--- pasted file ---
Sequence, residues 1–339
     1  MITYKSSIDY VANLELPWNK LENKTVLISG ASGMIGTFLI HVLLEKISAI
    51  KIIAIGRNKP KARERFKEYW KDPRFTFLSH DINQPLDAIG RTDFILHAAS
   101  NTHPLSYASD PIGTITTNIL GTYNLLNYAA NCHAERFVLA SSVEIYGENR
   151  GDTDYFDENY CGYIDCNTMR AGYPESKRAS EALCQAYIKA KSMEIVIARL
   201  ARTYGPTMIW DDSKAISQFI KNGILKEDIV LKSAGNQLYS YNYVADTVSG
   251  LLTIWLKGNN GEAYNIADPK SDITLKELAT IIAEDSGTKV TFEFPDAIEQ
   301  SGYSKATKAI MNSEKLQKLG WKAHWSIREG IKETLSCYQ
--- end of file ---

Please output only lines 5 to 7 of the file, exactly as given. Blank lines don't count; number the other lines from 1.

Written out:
   151  GDTDYFDENY CGYIDCNTMR AGYPESKRAS EALCQAYIKA KSMEIVIARL
   201  ARTYGPTMIW DDSKAISQFI KNGILKEDIV LKSAGNQLYS YNYVADTVSG
   251  LLTIWLKGNN GEAYNIADPK SDITLKELAT IIAEDSGTKV TFEFPDAIEQ